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Buddhism and Global Warming

So, I'm new to Buddhism and I was attracted to the faith after I got fed up with all the callousness I saw in Christianity. I felt that people were finding convenient excuses to behave however they liked and were using bad theological arguments to excuse their actions. For instance, often times when I would talk to church members about global warming, they would say that it didn't matter since the world would be burned anyways according to the book of Revelation. This seemed like a very callous and dismissive answer to me. Even if we assume the Bible to be true, and even if the world was going to face some sort of biblical destruction, shouldn't Christians still try to protect the planet since it's a gift to them from God, "The Father". I doubt any of us would actively lay waste to a house that our parents built for us, so why would Christians (who overwhelmingly see God as a Father who built Earth for them), ignore the threat of climate change?

As an individual, this was the final inconsistency I could bare. I was left with little in terms of spiritual faith but through my collegiate studies, I found Buddhism. As we discussed the principles of Buddhism in my philosophy class, I couldn't help but to smile. There was an embarrassingly large grin on my face throughout the entire lecture; I fell in love with the messages of Buddhism (particularly Sunyata) and I've been trying to learn more ever since.

Now, as a Sociology student, I'm left with the question, "Do our spiritual views affect the way we view global warming?" This is a very concerning idea to me because if it bares true, then it might not matter what amount of scientific evidence exists, some people might never believe that the globe is facing an ecological crisis.

In my effort to find an answer to this question, I've created a questionnaire to compare both how an individual places one's self in relation to the Earth and how one feels about climate change. I'm particularly interested to see if people view themselves as dominators of the Earth or if they see themselves as dependent on the planet and it's ecosystem.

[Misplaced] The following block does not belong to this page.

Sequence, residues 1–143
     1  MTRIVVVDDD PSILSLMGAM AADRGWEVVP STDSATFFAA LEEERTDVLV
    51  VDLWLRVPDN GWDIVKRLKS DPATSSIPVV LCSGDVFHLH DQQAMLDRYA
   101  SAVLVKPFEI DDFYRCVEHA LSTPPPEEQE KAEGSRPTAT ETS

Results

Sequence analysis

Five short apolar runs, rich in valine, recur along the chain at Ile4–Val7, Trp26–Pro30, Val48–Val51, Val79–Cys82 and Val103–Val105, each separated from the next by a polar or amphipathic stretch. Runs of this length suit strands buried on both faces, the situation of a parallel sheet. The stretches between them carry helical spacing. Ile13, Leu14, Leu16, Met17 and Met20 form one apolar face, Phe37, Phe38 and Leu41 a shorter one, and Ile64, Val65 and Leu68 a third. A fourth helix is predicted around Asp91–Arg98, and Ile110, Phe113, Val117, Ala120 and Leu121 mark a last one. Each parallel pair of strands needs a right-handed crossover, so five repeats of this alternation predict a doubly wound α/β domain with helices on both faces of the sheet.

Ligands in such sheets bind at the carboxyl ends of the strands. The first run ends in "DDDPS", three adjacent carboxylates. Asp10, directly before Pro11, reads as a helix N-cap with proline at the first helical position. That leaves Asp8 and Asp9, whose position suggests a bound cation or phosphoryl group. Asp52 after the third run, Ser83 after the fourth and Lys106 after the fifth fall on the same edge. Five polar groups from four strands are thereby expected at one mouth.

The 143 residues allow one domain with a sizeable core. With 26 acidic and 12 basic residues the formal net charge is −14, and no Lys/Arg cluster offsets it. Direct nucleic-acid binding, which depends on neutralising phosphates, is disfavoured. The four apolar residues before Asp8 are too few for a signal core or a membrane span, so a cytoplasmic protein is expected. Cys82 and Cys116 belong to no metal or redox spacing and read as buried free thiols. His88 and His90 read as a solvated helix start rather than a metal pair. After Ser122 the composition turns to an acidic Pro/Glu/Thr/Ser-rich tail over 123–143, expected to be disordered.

I'd be extremely grateful to anyone who is willing to complete this questionnaire as they would be helping me tremendously. It requires no personal information and all responses are anonymous.

Also, I'd love to hear your guys' opinions about what Buddhist teachings would have to say about climate change. I talked to a Zen master in my local area and she said that while it's important to seek harmony with the planet, it is more important for us to be ready to embrace and adapt to any change that may happen as a result of climate change.

Please let me know what you think by commenting and completing the questionnaire :)

https://www.surveymonkey.com/r/TafoyaEcologicalSolutions2017

Comments

  • karastikarasti Breathing Minnesota Veteran

    Since climate change is so new, there isn't anything in historical teachings specifically. Modern teachers have touched on it, most of them are of the opinion we should the utmost care in caring for our planet and its inhabitants. We do need to be prepared to adapt to potentially sudden changes, especially if a person lives on the coast or in an area already prone to weather related disasters such as floods, wildfires, dust storms, hurricanes and tornadoes. Which seems to cover most people, not really where I am though. We're kind of in an odd area where none of those things are risks and we're as far from the ocean as you can get, lol. But places where I live is where people will head because we have ample water and other natural resources. In any case, it affects us all in some way and thinking it doesn't is no good.

    I did meet a teacher once who said it didn't matter much because we will be reborn elsewhere if we kill the planet therefore the student who asked the question didn't need to worry about feeling guilty for driving to the retreat in a non-electric car.

    dhammachick
  • federicafederica seeker of the clear blue sky Its better to remain silent and be thought a fool, than to speak out and remove all doubt Moderator

    (Check it out, guys, it's totes legit.... ;) )

  • federicafederica seeker of the clear blue sky Its better to remain silent and be thought a fool, than to speak out and remove all doubt Moderator

    Personally, I felt more of the questions could have done with 'extra clarification' boxes.... but all in all, ok. I'm done.

    dhammachick
  • karastikarasti Breathing Minnesota Veteran

    I did it as well, I found a couple questions hard to answer because I felt they could have been a bit more clear.

  • WonderingWandererWonderingWanderer California New

    I greatly appreciate your participation! If you have any time throughout your day, would you mind sharing with me which parts need clarification?

  • karastikarasti Breathing Minnesota Veteran